Justification of Red List Category
This species is listed as Vulnerable because it is believed to have undergone and continues to undergo a rapid decline as a result of extensive habitat loss.
Maclean et al. (2014) estimated the population to be 90,000 adults, assuming 100% occupancy of habitat. Assuming instead that only a proportion (20%) of its habitat is inhabited then the population size may in fact be nearer 18,000 mature individuals. This would fit in the range of 10,000-19,999 mature individuals.
This species's population is suspected to be declining in line with habitat loss and degradation within its range. Rates of decline in this species have been estimated by assuming that the relationship between habitat variables and density/occurrence were the same between data from 1999-2001 compared to 1984-1987 (Maclean et al. 2014). This gave an estimate of a decline over 3 generations of c.35% (80% CI: 15.21-40.15%) in the Albertine Rift population (Maclean et al. 2014). For the Kenyan population, declines were estimated at c.92% (80% CI: 42.40-96.07%), and future declines in this species were stated as likely to be >80% (Maclean et al. 2014). While declines over the past 3 generations may not be the same as that over the modelled time period, declines over 3 generations are still suspected to have been large and ongoing but the global rate of decline is unlikely to exceed 50% over 3 generations. However, the decline would fall in the range of 30-49%.
C. gracilirostris has a severely fragmented range in the Great Lakes region of Africa. The nominate race occurs in western Kenya (Nasirwa and Njoroge 1997), western Uganda (Chapin 1953, J. Lindsell in litt. 1999, D. Pomeroy in litt. 1999) and adjacent areas of Democratic Republic of Congo (DRC) (Chapin 1953), in Rwanda and Burundi extending just into north-west Tanzania (Vande weghe 1981), and it may also occur in unsurveyed areas of west and north-west Tanzania (N. Baker in litt. 1999).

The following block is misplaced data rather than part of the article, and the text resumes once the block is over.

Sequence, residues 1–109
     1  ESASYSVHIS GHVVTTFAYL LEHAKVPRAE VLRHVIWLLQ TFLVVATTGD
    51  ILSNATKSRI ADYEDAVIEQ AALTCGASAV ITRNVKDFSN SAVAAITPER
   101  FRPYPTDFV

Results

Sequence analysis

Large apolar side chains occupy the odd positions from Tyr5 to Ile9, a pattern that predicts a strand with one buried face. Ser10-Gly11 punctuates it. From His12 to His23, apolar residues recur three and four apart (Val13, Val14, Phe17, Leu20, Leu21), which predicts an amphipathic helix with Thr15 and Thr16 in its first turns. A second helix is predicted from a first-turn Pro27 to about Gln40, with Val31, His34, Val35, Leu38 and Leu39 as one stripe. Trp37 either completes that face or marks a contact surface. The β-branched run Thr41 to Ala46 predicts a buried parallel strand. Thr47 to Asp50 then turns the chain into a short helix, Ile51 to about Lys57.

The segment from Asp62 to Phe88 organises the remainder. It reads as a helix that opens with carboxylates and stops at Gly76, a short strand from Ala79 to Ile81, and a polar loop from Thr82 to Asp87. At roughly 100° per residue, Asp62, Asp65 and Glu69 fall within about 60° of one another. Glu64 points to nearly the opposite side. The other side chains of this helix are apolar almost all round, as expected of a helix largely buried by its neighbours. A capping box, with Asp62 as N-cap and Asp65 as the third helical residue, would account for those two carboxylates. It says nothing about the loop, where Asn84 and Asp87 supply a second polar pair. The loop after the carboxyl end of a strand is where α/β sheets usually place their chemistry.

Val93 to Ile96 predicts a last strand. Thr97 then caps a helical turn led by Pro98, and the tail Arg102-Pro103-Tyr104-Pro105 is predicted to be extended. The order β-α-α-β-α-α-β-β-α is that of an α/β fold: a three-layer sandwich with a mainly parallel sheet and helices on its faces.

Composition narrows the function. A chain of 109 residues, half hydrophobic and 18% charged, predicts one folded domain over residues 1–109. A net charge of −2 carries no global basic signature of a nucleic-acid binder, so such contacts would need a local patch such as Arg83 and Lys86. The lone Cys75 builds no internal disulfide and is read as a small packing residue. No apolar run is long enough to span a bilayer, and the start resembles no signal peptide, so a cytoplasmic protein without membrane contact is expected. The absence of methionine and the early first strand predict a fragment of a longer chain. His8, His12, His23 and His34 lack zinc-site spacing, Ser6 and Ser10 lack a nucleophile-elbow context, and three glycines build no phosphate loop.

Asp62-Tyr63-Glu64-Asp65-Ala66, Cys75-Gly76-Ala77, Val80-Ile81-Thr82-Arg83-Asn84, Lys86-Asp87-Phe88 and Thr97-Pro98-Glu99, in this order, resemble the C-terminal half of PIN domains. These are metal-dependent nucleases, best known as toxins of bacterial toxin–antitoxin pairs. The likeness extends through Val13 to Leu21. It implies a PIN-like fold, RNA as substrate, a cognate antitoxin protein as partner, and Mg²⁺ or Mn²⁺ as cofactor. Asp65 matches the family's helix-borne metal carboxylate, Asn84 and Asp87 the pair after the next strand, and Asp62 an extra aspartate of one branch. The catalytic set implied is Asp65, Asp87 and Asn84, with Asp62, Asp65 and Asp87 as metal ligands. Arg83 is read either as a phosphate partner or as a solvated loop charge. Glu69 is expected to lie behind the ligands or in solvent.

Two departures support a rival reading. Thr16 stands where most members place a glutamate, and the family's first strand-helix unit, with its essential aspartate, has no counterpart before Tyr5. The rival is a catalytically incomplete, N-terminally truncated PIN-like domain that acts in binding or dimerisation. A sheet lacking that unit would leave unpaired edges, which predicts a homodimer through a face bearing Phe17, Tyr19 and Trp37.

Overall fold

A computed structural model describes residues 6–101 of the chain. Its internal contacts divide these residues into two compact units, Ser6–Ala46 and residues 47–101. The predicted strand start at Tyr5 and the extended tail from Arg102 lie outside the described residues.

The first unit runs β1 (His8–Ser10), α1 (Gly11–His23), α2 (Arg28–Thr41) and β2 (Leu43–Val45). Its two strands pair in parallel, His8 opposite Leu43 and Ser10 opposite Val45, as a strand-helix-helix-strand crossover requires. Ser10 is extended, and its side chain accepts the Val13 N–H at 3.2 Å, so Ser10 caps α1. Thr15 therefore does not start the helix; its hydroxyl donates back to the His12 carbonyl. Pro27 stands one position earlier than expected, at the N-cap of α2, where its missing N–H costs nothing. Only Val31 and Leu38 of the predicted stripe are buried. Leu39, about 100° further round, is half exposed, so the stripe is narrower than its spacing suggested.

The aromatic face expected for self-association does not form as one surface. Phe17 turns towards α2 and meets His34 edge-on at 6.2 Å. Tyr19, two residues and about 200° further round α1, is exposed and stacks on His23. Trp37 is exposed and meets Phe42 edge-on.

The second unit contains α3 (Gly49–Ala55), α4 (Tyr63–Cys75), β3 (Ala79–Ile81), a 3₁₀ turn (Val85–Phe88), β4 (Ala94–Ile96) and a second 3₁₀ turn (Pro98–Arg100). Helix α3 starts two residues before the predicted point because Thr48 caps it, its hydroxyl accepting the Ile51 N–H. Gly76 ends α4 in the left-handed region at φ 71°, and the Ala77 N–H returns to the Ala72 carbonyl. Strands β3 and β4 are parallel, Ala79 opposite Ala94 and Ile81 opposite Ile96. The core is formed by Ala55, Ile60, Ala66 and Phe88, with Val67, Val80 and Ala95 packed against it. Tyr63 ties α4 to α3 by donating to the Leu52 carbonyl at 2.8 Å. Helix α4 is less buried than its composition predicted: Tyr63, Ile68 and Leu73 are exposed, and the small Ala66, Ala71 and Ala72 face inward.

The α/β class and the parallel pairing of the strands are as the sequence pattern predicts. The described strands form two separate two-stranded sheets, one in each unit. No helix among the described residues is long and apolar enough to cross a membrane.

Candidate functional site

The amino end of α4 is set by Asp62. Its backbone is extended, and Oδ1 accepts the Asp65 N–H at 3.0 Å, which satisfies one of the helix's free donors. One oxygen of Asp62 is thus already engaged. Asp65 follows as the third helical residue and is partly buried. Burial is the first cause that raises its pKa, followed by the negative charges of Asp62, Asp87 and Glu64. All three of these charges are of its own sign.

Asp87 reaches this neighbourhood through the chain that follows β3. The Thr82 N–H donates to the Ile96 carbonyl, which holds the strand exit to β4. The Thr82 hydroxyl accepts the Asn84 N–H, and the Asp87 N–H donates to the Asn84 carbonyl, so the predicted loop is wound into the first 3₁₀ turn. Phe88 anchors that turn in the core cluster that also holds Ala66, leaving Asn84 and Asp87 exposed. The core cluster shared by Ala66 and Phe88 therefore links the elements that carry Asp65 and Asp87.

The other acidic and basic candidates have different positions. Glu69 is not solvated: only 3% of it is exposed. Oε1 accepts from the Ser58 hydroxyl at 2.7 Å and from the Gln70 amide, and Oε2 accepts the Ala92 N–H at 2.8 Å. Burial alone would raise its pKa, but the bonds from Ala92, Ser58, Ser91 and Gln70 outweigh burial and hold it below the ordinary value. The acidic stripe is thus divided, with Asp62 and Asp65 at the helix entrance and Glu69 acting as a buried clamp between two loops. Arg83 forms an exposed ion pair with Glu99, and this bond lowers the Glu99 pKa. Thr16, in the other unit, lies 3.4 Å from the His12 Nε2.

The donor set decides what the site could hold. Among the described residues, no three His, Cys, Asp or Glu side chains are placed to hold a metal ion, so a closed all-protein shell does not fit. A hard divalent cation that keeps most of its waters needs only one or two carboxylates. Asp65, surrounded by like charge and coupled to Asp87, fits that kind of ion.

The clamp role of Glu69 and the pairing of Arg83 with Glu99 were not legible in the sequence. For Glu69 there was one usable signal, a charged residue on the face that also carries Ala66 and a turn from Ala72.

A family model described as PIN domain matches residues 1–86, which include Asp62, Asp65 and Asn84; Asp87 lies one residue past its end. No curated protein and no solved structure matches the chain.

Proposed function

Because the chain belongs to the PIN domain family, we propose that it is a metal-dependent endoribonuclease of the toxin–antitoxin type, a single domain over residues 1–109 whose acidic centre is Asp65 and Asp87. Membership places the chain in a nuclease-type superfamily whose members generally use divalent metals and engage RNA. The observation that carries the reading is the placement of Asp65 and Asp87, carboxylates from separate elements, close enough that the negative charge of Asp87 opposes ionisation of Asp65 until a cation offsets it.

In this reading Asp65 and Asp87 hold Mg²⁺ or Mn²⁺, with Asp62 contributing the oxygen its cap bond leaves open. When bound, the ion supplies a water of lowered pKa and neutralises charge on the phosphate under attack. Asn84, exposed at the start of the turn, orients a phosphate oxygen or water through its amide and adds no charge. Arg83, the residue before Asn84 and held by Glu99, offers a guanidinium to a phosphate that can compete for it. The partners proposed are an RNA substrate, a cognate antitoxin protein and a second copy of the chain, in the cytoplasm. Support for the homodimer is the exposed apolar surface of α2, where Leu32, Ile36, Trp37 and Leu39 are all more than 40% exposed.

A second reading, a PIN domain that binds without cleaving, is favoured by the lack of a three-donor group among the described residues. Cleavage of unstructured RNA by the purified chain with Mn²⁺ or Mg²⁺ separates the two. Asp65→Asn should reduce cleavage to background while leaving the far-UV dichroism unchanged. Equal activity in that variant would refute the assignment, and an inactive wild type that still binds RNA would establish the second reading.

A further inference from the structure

It is found mainly in papyrus-swamps but occasionally in other marshy habitats, especially reeds (Chapin 1953, Nasirwa and Njoroge 1997, Leonard and Beel 1999, P. Leonard in litt. 1999). Its breeding ecology is unknown, but individuals of the nominate race have been recorded in breeding condition between April and June (Chapin 1953, Britton and Harper 1969).
Its wetland sites are threatened by drainage for the cultivation of crops (Maclean et al. 2003), such as rice (Maclean 2006), and dairy farming (Maclean et al. 2003). Ongoing drainage of Yala Swamp, the most important site in Kenya, will reduce the national area of occupancy by about a third, despite the poor agricultural performance of already drained areas (L. Bennun in litt. 1999). All other papyrus-swamps in Kenya are threatened both by human pressure, owing to an expanding population, and by man-made ecological changes in Lake Victoria itself, including infestation by water hyacinth Eichhornia crassipes (L. Bennun in litt. 1999). This latter problem has caused the collapse of the Lake Victoria fisheries, forcing local people to seek other sources of income (Maclean et al. 2003). Such problems, and a shortage of productive land, create pressure through the encroachment of agriculture and over-harvesting of papyrus for use as fuel or in local crafts (Maclean et al. 2003). Similar problems may affect it in Uganda. In Rwanda, its wetlands are being progressively degraded through cutting and burning of papyrus in the dry season (Kanyamibwa 2001) and the situation is probably similar in Burundi, while its current status in the DRC is unknown. One site in Kenya is threatened by the expansion of a nearby town (Maclean 2006).
Conservation Actions Underway
Its ecology is being studied at Yala Swamp in Kenya (Nasirwa et al. 2000). In Uganda, there is a substantial area of papyrus within Lake Mburo National Park and part of Lake George is within Queen Elizabeth National Park. Lakes Edward and Bunyonyi, and the Butiaba area on Lake Albert, may be suitable for community-based conservation projects (J. Lindsell in litt. 1999).
14 cm. Medium-sized warbler of swamps. Warm olive-brown to russet above, especially on tail. Yellow below, washed with olive across breast and flanks. Similar spp. Other warblers in swamps are brown, grey and white, rather than yellow-and-green. Voice Melodious, liquid warblings. Hints Most often detected by voice. Most accessible site is at Lake Bunyonyi, Uganda. It occurs singly or in pairs, foraging in the mid and upper levels of papyrus for tiny insects, and perhaps tending to feed over water (Chapin 1953).
Text account compilers
Ekstrom, J., Evans, M., Pilgrim, J., Shutes, S., Starkey, M., Symes, A., Taylor, J. & Westrip, J.
Baker, N., Bennun, L., Leonard, P., Lindsell, J. & Pomeroy, D.
BirdLife International (2020) Species factsheet: Calamonastides gracilirostris. Downloaded from http://www.birdlife.org on 16/02/2020. Recommended citation for factsheets for more than one species: BirdLife International (2020) IUCN Red List for birds. Downloaded from http://www.birdlife.org on 16/02/2020.